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  11. Might the Sun (and other stars) be sensitive to interstellar signals, such as GRBs or neutrino bursts? If it is, some of the effects would take time to reach the photosphere, and would show up later. Might we find some gamma ray or neutrino history by looking for delayed signals in the solar radiation? Might the 22 year cycle be interstellar?

    1. There are a few problems with a mechanism like you propose. Firstly the 22 year cycle is a *cycle* meaning that it is quite regular. It would be difficult, if not impossible, to think of a stellar phenomena that could in any way produce such a regular cycle over the long (to us at least) period it has been observed as opposed to a random and chaotic result.

      The second problem is the sheer energy of the sun. While GRBs are powerful where they occur, at this distance even the most energetic adds only an infinitesimal fraction of its energy to our solar system. The sun produces a massive amount of energy, the oft-cited factoid being 4 tons of mass into energy every second.

      This relates to the third problem, the fact that such energy causes the sun to radiate energy and mass in all directions. The solar wind and radiation strip mass constantly from the planets (Mostly as gases.) and we have been hoping for an increase in background radiation to tell us when the Voyager probe leaves the solar system’s protective magnetic field.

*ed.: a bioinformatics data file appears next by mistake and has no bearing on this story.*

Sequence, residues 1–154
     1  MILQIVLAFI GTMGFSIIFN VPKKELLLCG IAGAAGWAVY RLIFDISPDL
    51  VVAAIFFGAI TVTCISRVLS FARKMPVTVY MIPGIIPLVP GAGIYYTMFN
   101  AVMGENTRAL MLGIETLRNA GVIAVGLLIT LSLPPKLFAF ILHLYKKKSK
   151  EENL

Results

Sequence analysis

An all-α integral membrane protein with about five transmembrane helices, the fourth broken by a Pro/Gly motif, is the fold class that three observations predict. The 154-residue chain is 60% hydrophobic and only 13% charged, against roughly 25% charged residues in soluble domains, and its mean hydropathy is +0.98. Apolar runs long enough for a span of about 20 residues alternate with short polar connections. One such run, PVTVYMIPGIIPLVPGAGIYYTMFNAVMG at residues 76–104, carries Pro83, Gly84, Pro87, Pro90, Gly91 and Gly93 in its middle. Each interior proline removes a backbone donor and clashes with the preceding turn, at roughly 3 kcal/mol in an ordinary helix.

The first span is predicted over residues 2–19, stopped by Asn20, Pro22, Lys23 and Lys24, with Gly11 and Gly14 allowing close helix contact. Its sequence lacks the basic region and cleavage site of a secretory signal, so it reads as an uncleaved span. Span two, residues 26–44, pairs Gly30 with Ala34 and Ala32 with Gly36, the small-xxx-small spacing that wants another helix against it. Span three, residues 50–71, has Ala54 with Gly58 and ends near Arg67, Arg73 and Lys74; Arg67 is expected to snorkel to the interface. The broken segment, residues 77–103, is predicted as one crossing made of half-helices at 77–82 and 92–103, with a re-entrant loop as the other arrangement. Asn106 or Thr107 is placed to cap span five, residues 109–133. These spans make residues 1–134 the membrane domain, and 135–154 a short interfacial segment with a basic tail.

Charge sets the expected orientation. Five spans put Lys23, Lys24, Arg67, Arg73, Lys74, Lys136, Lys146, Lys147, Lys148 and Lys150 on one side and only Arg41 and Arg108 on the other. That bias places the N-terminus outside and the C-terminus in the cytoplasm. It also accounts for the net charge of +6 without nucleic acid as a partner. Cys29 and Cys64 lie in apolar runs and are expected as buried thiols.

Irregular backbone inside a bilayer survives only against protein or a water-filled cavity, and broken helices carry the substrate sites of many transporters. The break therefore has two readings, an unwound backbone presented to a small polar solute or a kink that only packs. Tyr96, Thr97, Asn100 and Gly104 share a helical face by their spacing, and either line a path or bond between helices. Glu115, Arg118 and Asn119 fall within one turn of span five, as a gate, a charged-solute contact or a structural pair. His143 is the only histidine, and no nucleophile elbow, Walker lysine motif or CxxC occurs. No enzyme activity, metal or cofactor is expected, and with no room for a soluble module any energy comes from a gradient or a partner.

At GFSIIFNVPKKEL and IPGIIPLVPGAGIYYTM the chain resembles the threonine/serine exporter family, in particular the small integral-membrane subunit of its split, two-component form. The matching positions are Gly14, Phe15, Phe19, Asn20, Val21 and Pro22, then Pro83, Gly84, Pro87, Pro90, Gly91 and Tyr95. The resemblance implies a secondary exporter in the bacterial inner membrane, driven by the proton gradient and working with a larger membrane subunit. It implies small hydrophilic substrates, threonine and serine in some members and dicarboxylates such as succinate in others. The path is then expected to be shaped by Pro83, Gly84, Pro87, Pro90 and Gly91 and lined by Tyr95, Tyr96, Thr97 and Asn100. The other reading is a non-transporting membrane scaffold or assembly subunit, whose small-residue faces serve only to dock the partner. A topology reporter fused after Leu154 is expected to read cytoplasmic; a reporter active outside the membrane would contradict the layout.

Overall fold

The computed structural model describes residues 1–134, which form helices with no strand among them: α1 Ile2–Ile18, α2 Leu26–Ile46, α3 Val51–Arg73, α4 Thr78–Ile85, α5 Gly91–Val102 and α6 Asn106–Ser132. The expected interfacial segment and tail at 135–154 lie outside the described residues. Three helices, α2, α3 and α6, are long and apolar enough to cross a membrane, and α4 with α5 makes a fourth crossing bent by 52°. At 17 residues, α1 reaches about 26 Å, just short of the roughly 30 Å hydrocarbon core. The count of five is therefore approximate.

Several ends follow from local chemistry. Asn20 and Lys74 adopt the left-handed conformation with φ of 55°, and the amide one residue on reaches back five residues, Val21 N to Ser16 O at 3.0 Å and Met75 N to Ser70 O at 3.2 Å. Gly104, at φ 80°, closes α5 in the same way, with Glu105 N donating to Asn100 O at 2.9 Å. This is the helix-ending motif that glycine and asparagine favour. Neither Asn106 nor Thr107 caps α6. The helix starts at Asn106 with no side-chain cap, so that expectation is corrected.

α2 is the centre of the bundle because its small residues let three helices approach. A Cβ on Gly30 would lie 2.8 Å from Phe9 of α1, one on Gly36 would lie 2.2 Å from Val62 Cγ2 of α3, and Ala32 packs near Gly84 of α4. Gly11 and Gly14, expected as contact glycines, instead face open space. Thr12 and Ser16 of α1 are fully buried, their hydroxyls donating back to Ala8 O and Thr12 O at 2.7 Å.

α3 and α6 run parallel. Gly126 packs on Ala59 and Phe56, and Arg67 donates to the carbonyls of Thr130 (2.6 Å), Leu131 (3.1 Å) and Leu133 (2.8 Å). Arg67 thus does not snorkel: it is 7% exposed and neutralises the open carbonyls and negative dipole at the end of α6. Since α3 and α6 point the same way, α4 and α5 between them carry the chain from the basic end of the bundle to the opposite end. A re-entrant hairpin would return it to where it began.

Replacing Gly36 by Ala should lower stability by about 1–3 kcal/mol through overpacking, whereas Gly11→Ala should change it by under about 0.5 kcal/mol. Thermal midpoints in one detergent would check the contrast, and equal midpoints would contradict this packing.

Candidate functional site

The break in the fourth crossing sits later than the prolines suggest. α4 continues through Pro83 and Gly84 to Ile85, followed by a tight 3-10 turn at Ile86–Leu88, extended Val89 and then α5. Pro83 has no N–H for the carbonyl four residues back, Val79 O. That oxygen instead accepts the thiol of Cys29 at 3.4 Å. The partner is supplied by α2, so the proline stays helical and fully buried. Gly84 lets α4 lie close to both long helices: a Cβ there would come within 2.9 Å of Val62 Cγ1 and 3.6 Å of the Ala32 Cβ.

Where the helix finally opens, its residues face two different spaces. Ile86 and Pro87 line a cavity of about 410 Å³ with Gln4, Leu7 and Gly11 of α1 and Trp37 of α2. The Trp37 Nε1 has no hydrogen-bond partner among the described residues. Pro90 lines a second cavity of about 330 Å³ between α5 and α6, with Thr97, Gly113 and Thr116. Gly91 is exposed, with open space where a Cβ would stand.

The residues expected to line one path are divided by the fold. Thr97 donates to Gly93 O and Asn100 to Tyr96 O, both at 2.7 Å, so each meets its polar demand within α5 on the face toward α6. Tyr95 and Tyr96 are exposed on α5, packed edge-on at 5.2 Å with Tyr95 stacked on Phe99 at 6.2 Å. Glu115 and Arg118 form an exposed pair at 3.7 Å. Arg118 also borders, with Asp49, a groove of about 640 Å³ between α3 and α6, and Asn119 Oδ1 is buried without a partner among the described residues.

Finally the sun’s photosphere is far, far less than our atmosphere relative to the sun, a faint corona of soon-to-be-ejected plasma and it takes an incredibly long and turbulent time for even light to get *out* of the sun, let alone into it. It is possible GRBs might have some exotic effect, but it is hard to imagine what it could be.

    2. The time for neutrinos from the sun’s interior to reach the photosphere is just light-travel time. The time for photons to reach the photosphere (more precisely, the time for changes in the sun’s interior to reach the surface via photons) is a million years. So the timing’s a bit off…